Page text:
How The Deadspin Editorship Ruins Your Personal Life, But Saves Your Team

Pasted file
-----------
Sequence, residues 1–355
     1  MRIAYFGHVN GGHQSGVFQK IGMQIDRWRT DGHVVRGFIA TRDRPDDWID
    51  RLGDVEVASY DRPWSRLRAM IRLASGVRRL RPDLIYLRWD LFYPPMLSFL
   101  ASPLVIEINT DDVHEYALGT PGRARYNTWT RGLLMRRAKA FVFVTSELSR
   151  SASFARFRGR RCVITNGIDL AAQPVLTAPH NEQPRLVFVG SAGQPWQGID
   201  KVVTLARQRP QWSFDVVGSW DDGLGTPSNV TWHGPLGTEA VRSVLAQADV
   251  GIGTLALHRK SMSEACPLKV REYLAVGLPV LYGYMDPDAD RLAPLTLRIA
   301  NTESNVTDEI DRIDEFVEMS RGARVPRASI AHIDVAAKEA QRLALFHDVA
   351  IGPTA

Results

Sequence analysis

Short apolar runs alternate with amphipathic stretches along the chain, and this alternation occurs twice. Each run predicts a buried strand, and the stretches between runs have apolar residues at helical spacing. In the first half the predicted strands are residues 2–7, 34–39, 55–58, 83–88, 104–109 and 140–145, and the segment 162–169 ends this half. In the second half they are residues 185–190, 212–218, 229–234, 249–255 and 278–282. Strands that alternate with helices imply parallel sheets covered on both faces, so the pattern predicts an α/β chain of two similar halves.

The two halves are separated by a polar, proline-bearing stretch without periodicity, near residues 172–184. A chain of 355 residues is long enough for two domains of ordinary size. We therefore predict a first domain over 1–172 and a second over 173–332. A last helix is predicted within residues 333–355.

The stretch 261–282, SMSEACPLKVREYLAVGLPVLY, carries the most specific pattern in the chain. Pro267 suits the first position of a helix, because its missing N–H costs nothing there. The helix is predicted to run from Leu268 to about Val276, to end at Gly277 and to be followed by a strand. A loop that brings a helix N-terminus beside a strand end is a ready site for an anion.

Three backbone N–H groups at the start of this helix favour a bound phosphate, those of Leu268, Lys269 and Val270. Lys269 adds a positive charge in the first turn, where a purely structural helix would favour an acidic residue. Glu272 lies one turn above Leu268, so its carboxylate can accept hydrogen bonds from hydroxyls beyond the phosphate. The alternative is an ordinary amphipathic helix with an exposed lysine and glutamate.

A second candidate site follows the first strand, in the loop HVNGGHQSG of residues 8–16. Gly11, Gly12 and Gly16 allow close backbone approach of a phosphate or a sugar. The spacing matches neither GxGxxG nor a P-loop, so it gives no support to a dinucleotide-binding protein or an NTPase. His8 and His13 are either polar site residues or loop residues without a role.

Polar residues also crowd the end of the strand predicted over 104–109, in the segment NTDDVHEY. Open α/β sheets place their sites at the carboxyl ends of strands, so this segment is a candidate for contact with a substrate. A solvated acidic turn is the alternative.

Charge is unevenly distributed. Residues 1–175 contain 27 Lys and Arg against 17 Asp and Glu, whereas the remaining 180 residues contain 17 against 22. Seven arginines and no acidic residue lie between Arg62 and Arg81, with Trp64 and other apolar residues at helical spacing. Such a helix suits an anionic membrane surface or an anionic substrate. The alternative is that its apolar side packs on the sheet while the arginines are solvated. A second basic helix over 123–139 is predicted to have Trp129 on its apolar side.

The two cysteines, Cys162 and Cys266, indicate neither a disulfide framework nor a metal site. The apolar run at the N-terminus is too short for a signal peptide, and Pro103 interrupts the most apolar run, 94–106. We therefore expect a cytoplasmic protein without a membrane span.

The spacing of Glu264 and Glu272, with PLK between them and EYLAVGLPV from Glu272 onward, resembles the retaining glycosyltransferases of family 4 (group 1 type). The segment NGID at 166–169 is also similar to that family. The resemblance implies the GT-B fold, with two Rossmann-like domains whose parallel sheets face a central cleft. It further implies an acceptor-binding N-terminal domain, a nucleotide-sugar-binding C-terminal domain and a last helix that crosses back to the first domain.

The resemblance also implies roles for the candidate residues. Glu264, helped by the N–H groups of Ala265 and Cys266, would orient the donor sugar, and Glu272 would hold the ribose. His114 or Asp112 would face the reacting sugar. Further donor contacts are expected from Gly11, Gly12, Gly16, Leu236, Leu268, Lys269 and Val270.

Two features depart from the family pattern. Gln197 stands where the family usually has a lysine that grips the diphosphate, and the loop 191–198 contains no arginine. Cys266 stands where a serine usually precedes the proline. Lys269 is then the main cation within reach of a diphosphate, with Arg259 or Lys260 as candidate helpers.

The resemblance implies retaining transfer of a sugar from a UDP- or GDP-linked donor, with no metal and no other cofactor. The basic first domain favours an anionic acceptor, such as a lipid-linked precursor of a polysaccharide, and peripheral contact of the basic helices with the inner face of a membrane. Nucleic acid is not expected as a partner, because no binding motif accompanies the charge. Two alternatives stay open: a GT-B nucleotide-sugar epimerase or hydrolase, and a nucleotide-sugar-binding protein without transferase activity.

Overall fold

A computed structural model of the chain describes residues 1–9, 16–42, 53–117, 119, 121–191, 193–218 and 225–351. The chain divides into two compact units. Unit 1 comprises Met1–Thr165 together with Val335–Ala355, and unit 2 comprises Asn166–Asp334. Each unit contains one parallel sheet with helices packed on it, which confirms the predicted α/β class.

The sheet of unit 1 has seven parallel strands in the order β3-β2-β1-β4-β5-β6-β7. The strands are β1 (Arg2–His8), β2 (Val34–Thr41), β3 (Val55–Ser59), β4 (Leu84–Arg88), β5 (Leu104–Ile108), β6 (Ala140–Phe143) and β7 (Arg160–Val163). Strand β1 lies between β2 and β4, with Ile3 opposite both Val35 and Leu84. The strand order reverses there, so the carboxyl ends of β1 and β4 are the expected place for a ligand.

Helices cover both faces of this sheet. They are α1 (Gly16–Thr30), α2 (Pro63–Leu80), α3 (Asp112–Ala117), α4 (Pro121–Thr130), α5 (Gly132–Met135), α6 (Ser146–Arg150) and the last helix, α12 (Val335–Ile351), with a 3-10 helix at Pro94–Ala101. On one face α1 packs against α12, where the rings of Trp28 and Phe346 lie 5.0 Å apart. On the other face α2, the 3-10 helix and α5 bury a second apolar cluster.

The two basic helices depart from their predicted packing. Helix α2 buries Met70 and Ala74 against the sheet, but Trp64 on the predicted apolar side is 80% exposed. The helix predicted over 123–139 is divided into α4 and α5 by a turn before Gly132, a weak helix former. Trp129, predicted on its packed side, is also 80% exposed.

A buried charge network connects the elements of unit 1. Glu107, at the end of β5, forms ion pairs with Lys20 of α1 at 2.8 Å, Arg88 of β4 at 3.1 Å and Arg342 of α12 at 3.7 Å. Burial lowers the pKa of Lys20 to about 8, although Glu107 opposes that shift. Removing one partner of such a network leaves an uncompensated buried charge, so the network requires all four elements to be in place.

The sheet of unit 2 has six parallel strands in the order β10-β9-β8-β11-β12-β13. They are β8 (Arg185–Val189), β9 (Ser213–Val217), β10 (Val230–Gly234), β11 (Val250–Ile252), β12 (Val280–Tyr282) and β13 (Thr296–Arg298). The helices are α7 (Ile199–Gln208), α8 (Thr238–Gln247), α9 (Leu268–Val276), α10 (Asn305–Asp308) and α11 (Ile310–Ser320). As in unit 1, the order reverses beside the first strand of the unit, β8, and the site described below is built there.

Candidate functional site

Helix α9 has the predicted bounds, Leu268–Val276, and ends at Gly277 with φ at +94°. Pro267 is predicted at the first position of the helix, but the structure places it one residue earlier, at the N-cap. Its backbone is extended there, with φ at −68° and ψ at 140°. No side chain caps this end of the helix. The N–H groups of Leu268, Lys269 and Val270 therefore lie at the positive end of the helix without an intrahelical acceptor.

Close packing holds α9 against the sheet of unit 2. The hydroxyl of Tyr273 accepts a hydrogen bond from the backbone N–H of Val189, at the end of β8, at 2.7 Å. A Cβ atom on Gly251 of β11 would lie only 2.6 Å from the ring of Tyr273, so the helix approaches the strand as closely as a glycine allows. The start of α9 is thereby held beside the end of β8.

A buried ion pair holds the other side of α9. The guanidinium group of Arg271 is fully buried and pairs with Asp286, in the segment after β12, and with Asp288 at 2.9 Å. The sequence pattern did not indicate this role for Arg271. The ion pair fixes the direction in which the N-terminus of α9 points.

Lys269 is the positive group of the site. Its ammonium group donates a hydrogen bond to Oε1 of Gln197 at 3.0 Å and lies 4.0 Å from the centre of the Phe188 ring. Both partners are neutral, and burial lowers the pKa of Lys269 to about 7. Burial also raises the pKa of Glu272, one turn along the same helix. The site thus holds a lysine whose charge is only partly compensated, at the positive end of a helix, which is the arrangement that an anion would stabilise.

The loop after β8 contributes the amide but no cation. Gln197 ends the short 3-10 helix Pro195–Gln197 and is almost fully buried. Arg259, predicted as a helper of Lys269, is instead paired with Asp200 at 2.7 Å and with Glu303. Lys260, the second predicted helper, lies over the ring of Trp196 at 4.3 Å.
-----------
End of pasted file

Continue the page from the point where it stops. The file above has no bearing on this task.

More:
It wasn't long after Brad Lidge struck out Eric Hinske with a dirtball slider on Wednesday night that the posts started popping up about the eerie connection between being Deadspin's lead editor and the World Series champion. Fans of the Texas Rangers, Chicago Cubs, Kansas City Royals, lobbied for one of their own to be the next editor of Deadspin so another city's championship drought could mercifully end. Believe me — the connection between this job and the Phillies winning the World Series has not gone unnoticed. In fact, the groundwork for the Phillies championship was laid back in July when I, like former editor/floppy-haired hero, Will Leitch, did in 2006, had pending nuptials fall apart. That happened soon after I took over the top spot here. The job transition was tough enough, but manageable. The other thing...well, that's as awkward, disorienting and life-altering as everyone who's been through that unfortunate circumstance says it is. "The Curse of Deadspin", I called it. Leitch, who was supposed to be a groomsman, offered consolation this way : "Well, now the Phillies will win the World Series."So that happened. After a month of being consumed with this team's every move and the rest of life being postponed until the Phillies ended their magical run, it's over. The parade has ended, most of the cars on Broad Street are back upright, and it's no longer okay to wear red to the office every day. Victorino is hawking ugly World Championship T-shirts on QVC and "We Are The Champions" is no longer fun to sing over and over again in a crowded bar. It's a return to terrible normalcy. But it happened. I'm thankful that I got to see every home World Series game in person, then take Septa back to my half-empty Walnut street apartment to watch the roiling lunacy build throughout the weekend to its inevitable riotous end. I'm glad I got that Game 5 Part II strike out-drama, standing there with my Dad in the upper deck terrace, watching him go through the set of emotions that all fathers do when a moment like that happens right before their eyes. I'm thankful for all the congratulatory text messages and emails, the lack of sleep, replete with the requisite early morning man-tackling sessions with some of the new friends I've made in Philadelphia since I returned home. I'm thankful that I ran into an old Little League pal, Danny Wasser, in the deli parking lot on Broad and Lombard the morning of the parade and hung out with him and his buddies the whole entire day. (Thanks for the Coors Light. Oh, and tell your brother Ed I'll try to work a "Roadhouse" reference into this post somehow. How's this? ) Thanks to Dan Levy for beating "Why Can't Us?" into the ground and for all of the other Philly sports sites for doing a great job chronicling this craziness. And thanks to Rick and Dash for picking up my slack for the past month, during my admittedly delirious, hungover state for a good portion of this post-season. You've done God's work, gentlemen. And thanks to you, faithful readers, for having to suffer through my unabashed homerism through all of this. Especially Mets fans. That must have sucked. I'm well aware that this victory won't alter the national perception of this city's sports fans. If anything it solidified some of its reputation as a place filled with boorish and deplorable human beings. But that's okay, though, because for once, there's something to smile about for the rest of our lives. Or at least until the Eagles get knocked out of the playoffs again. Philadelphians, say it out loud, just one more time. Now, let's get back to work...